is similar in functionality to the input history mechanisms provided by the
LispM, Hemlock, and various fancy shells (tcsh, cmucsh, ksh,...).  There is
also a command, bound to C-c r, which searches backwards through the input
history looking for a substring match.

RMS doesn't like this mechanism. He has suggested an input history mechanism
that operates by searching backwards (and forwards) through the buffer for
occurrences of the prompt.  The user can then resubmit the input by hitting

I do not like this mechanism. If the prompt changes dynamically, you can miss
a command. False positives are also annoying. The screen jumps around a lot as
you scroll through your history. If you run a subprogram that has a null
prompt (like dc), prompt search will miss all its inputs. Etc.

However, you may try either of these mechanisms, and go with the style you
prefer. The RMS-style prompt-search stuff is available on M-N and M-P
(meta-shift-n and meta-shift-P); C-c R is bound to a command that searches for
specific commands (analogous to C-c r). If you use this stuff, you will
probably want to sharpen up the regular expression used to match the prompt in
each mode to match your particular prompt -- the default, general regexp used
in shell mode generates too many annoying false positives.  (It's local
variable comint-prompt-regexp -- you should set it in a hook).


MIT Cscheme, when invoked with the -emacs flag, has a special user interface
that communicates process state back to the superior emacs by outputting
special control sequences. The gnumacs package, xscheme.el, has lots and lots
of special purpose code to read these control sequences, and so is very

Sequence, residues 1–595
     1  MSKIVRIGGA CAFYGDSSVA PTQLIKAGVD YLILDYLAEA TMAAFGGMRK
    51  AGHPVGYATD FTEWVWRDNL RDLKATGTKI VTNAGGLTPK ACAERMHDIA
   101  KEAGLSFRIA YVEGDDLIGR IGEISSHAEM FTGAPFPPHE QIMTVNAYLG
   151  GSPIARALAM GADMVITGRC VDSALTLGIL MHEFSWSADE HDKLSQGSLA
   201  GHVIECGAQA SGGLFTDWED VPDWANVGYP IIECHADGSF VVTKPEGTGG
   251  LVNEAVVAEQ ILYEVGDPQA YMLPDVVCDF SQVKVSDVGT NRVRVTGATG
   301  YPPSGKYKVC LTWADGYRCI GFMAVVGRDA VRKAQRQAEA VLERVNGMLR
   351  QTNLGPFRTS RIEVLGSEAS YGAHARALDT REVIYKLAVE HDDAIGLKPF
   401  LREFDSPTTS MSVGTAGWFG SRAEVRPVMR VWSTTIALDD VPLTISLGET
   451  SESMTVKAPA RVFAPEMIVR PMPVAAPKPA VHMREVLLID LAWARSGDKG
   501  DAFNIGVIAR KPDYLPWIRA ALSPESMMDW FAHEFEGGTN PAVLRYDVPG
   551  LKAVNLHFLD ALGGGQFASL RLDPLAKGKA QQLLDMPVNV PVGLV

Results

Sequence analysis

tightly integrated with the cscheme process. The cscheme interrupt handler and
debugger read single character commands in cbreak mode; when this happens,
xscheme.el switches to special keymaps that bind the single letter command
keys to emacs functions that directly send the character to the scheme
process.  Cmuscheme mode does *not* provide this functionality. If you are a
cscheme user, you may prefer to use the xscheme.el/cscheme -emacs interaction.

Here's a summary of the pros and cons, as I see them.
xscheme: Tightly integrated with inferior cscheme process!  A few commands not
         in cmuscheme. But. Integration is a bit of a hack.  Input history
         only keeps the immediately prior input. Bizarre keybindings.

cmuscheme: Not tightly integrated with inferior cscheme process.
           But. Carefully integrated functionality with the entire suite of
	   comint-derived CMU process modes. Keybindings reminiscent of Zwei
	   and Hemlock. Good input history. A few commands not in xscheme.

It's a tradeoff. Pay your money; take your choice. If you use a Scheme
that isn't Cscheme, of course, there isn't a choice. Xscheme.el is *very*
Cscheme-specific; you must use cmuscheme.el.

It would definitely be possible to stick the winning bits of cmuscheme.el into
xscheme.el, or vice-versa. The friendly folks at Cscheme Central may be moved
to do the former (I haven't discussed it with them).  Interested parties are
invited to do the latter.  I am not a Cscheme user, so I won't be doing it